Some 25 years ago my wife and I lived in rural Person County, in a run-down, white clapboard house. The house was built in 1912, and it had two chimneys. Each night a whip-poor-will, which perched on the middle chimney, serenaded us to sleep.
In the late 80s the roads leading to the house were composed of gravel, dirt, and a mixture of a mystery substance that held the two together. Along one of these roads, in a ramshackle-looking house that leaned southward, lived an old man. Clarence was 88. He was a wiry man with milky-colored eyes and a full head of bristly white hair that stood straight up like a Christopher Walken wannabe.
In the summer Clarence grew a vegetable garden along one side of his house. A small cow pasture, littered with cow pies in various stages of decomposition, closed around the other side. The first time we passed the house Clarence was sitting in the front yard on a wooden bench. Machine parts, homemade bird houses, and assorted household objects were strewn about him. Yard Sale had been spray painted on a piece of weathered barn siding, the red letters crooked and sloppy. We had waved, that first time, and Clarence had waved back, first removing his corncob pipe.
I got to know Clarence over the next two years. It turned out he was born and raised in the house we lived in. Clarence was the kind of person who loved to tell a story, and I used to go over to his house, sit in his makeshift kitchen-living room area, with its stacks of canned goods that appeared to have been there from the previous century, and listen to him talk.
Often he would be drinking a clear liquid from a large Bell jar. Sometimes he would shake his head following a swallow, and smile, so that I knew he wasnt drinking water. Clarence was full of aphorisms and life-sayings. Ive always gravitated toward very old men, and I soaked Clarence up, and I knew that I would never meet anyone like him again.
Once, on a warm summer evening, Clarence took me to a honky-tonk a few miles from his house. It was a rambling building in the middle of a field. Along the road were nothing but trucks, all of them in various stages of filth, and, it seemed, each competing for which vehicle had the largest tires.
The music was going as we entered the building. It was loud. In front of the bandstand couples were dancing on a wooden floor. The floor was lathered with sawdust and the dancers created patterns in the dustings. As we walked in, I felt a hundred set of eyes gravitate toward me.
Remember, new things become old in a matter of months, Clarence said, and he smiled. He moved away from me and sat at a table with two couples. They looked my way, as I stood there, utterly confounded and lost. But suddenly I was hemmed-in by two women in their mid-fifties, each asking me to dance. They wore bright, solid-colored, above-the-knee dresses, and makeup that covered their faces like a cloak. Each of them smiled, and their bright red lipstick shone like a neon sign.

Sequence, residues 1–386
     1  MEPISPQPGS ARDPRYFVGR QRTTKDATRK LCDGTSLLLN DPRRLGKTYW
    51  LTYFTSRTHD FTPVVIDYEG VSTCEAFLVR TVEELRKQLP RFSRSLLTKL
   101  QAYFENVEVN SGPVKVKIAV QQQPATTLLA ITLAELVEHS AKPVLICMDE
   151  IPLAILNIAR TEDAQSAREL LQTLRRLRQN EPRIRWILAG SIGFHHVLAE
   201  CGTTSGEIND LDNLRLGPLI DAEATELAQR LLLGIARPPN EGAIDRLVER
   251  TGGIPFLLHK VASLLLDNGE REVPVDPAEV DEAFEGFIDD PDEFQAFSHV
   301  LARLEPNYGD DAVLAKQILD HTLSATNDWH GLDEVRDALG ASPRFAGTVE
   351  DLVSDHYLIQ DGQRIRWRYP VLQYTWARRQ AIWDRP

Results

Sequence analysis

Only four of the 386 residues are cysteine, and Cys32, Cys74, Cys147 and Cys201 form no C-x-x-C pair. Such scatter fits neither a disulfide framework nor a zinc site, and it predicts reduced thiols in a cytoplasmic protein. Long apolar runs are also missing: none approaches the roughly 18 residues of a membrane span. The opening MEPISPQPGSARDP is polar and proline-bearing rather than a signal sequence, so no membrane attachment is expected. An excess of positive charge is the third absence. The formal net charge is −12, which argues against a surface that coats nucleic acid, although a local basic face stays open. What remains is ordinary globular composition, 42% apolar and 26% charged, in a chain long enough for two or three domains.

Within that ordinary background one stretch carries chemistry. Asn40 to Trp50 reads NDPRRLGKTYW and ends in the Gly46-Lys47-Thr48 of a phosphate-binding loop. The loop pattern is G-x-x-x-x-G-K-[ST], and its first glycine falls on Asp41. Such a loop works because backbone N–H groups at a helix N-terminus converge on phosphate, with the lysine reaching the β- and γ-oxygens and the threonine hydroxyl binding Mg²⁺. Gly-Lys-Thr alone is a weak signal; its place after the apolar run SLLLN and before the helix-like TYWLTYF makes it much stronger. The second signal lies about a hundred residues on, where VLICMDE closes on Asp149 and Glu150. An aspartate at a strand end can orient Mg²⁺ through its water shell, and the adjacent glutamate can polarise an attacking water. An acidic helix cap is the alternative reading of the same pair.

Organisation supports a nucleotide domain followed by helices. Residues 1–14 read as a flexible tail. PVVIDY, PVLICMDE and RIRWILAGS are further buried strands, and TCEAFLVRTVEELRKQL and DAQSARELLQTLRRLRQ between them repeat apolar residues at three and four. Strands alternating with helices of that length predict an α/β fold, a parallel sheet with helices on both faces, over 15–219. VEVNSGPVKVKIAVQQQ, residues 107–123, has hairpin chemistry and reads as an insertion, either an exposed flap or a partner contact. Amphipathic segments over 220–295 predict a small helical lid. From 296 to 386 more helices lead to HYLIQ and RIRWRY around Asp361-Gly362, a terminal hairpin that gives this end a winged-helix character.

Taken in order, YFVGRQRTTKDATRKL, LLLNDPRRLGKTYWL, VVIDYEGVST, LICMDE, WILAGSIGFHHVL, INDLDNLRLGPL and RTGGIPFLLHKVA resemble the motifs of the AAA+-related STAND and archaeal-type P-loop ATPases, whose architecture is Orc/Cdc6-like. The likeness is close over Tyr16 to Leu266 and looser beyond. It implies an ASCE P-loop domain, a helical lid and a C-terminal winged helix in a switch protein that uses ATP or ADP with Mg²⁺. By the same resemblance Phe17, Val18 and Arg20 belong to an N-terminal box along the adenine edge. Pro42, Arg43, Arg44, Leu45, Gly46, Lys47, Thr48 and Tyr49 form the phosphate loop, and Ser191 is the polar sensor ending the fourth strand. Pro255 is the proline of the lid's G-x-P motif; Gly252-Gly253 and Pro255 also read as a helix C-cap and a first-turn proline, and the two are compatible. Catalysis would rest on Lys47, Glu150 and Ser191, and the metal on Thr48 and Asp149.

I cant dance. I cant fast dance. I cant slow dance. I cant even fake-dance.
But these women didnt care. That night I must have danced 50 times with, it felt like, 50 different women, though Im sure I danced with some of them more than once. I was led around that dance floor like a puppet, until the sweat beset my back like a soaked rag.
After about an hour the band took a break and everyone left the building and headed to their giant trucks. In our vehicle Clarence pulled out a Bell jar, and drank deeply. He handed me the jar, and I drank, too. The liquid burned, and I coughed. Clarence laughed.
Did you know, Clarence said, that if all the bees in the world died, humans would only survive four more years.
What? I said.
I learned that from Einstein, he said, as if he had a personal conversation with the scientist. And then he was silent, and we sat in the truck without speaking.
When the gods gave farmers silence, they also gave them the power to mean great things by it. To this day I remember that night vividly. I remember the stars, the black sky, the smell of diesel fuel, the strong smell of womens perfume.
And I remember Clarence who sat quietly now, his eyes squinting through his cigarette smoke, looking through the windshield, watching some birds rise through the sky and vanish.